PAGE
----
The focus in oral submissions was on three such complaints, only two of which are dealt with in the open judgment. The first related to admissions made in taped conversations by Ms Heard, which were said to contradict her evidence throughout, and to which Nicol J gave “no great weight”. Contrary to the Appellant’s suggestion, however, the Court of Appeal was satisfied that this was not a general proposition as to the status to be given to witness evidence, but a specific finding in relation to the relevant admissions. The second related to the Defendants’ changing evidence regarding an incident having taken place in March 2013, which the Defendants argued at trial should lead the judge to conclude that the event had been fabricated. The Court of Appeal took the view that the judge, in reaching the conclusion that Ms Heard had simply given an incorrect date for the incident, had adequately considered and addressed the Claimant’s concerns in relation to the evidence.

There are two main points which come out of the Court of Appeal’s judgment, namely that:

  1. The judge did not make a general assessment of the credibility of Ms Heard, the Defendants’ main witness, which fed into his conclusions of the incidents substantiating the allegation that Mr Depp was a “wife-beater”; and
  2. His central findings of fact were made on the basis of evidence specifically relating to each of the incidents grounding the allegation, with special attention to the contemporaneous evidence.

Having considered and dismissed each of the grounds of appeal in turn at [24]-[30], the Court concluded at [31] that they did not show any real prospect of success. It stated that the high-profile nature of the case, the devastating nature of the outcome of the trial for Mr Depp, and the potential repercussions of the judgment for victims or alleged perpetrators of domestic abuse did not justify allowing the appeal to proceed absent a real prospect of succeeding.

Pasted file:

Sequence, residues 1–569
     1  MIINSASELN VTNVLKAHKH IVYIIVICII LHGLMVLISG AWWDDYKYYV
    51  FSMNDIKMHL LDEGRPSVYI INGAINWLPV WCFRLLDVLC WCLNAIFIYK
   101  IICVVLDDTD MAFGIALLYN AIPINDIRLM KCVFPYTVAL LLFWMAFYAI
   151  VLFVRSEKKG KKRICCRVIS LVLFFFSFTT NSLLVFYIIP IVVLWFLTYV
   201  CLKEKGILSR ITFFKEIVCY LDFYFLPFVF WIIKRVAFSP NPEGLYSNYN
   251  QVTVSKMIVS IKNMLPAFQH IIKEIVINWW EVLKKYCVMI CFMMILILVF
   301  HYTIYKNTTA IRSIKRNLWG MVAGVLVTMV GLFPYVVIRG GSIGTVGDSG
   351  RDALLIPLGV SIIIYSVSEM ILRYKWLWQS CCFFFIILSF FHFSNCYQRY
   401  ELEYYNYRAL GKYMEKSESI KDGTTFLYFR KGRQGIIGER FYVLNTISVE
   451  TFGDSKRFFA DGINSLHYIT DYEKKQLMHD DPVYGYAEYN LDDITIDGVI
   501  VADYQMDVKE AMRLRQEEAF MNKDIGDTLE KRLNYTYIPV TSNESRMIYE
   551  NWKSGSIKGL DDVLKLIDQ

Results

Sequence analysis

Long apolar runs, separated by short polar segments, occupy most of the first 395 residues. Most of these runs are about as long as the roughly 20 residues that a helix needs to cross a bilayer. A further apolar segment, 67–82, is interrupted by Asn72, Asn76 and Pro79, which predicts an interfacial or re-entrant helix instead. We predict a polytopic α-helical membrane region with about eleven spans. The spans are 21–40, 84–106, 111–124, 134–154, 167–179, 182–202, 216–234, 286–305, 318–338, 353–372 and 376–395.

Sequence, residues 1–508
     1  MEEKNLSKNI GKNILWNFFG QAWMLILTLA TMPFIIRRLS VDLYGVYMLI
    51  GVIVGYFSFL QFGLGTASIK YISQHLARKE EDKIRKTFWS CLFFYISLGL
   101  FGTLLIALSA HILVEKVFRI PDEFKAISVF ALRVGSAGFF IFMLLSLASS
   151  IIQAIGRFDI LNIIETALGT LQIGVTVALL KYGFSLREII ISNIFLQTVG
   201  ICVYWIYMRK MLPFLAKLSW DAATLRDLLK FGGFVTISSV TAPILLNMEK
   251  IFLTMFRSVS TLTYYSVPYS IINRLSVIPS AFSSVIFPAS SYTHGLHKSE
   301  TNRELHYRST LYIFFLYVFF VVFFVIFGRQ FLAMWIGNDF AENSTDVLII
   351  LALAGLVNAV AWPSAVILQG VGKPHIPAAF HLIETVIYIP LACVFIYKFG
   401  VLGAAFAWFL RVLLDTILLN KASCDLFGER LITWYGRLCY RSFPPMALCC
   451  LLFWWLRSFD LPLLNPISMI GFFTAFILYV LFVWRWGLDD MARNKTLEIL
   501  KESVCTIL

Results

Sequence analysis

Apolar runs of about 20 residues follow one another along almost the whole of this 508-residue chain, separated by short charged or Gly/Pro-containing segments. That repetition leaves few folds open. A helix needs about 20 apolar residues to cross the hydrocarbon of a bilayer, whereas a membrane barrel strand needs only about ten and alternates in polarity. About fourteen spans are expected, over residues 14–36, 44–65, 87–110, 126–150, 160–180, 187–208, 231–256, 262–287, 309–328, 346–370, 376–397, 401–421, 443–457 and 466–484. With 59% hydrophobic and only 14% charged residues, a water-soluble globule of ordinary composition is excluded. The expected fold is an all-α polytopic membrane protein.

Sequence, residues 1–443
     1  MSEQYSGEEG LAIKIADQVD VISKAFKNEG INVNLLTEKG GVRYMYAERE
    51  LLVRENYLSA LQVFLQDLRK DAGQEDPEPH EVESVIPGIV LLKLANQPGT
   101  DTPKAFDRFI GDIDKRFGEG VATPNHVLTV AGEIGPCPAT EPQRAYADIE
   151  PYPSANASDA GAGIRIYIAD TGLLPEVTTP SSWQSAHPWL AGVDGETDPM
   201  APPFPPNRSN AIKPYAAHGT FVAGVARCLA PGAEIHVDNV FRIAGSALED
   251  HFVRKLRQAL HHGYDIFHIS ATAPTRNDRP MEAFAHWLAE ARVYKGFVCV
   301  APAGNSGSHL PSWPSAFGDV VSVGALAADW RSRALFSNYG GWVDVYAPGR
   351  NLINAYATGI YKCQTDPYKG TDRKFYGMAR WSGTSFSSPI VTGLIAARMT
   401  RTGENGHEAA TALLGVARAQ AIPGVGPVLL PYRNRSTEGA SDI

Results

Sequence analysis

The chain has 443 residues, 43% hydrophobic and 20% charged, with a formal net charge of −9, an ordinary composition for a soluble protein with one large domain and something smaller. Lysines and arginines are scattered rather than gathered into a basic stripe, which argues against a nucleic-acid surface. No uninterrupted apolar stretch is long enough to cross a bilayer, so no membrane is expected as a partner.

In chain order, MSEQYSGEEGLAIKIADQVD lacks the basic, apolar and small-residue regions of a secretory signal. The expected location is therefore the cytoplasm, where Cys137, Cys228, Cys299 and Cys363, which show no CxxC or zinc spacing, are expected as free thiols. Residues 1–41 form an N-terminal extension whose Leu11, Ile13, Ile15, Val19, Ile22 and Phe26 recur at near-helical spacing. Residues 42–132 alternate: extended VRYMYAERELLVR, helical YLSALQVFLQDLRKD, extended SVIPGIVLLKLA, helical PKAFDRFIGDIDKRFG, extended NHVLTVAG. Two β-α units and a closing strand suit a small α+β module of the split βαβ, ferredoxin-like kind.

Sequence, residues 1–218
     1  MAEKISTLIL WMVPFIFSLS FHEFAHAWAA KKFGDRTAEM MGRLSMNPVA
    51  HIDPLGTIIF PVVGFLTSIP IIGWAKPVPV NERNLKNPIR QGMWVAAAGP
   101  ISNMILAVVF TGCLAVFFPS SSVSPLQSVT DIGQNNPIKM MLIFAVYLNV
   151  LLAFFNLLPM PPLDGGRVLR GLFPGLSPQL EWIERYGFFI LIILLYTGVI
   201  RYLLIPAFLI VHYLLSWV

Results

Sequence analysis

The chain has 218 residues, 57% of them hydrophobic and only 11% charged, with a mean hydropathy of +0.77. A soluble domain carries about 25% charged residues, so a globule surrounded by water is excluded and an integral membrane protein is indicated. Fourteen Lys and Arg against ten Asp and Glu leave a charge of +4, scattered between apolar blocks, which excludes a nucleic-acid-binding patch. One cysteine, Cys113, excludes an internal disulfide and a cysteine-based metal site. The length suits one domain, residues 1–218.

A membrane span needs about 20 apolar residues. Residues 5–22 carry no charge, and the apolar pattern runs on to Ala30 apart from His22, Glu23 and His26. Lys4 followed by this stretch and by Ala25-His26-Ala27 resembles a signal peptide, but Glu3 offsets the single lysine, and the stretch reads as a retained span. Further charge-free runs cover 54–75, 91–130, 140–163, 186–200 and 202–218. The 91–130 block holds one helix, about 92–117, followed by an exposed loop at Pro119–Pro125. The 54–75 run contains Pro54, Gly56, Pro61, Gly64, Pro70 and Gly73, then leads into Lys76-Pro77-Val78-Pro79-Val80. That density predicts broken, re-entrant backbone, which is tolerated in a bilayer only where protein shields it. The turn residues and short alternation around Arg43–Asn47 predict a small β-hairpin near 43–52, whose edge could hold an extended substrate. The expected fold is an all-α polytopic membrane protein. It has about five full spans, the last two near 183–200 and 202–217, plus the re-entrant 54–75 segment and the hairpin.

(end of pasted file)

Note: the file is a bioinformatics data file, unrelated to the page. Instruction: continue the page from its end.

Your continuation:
The Court of Appeal also dismissed the fresh evidence application, which was based on new evidence obtained since the trial regarding whether Ms Heard had, in fact, donated the $7m she obtained in the divorce settlement as she had said she would do. The Court restated the well-established “Ladd v Marshall principles”: namely, that “further evidence should only be admitted for the purpose of an appeal (a) if it could not have been obtained with reasonable diligence for use at the trial; (b) if it would probably have had an important influence on the result of the case; and (c) if it is credible.” The Court considered that limb (b) failed, because that issue had been peripheral to the judge’s findings of fact, and Ms Heard had not even been asked about it in cross-examination. They did not consider whether limb (a) was satisfied but doubted that it would have been.

Mr Depp was refused permission to appeal by the judge, and has been refused now by the Court of Appeal. This means that Nicol J’s decision is now definitive and, as Lewison LJ stated at paragraph 114(ii) in FAGE UK Ltd v Chobani UK Ltd [2014] EWCA Civ 5, the trial of this matter was “the first and last night of the show”.

For further information or advice, please contact Mathilde Groppo.

Blog arrow-right-alt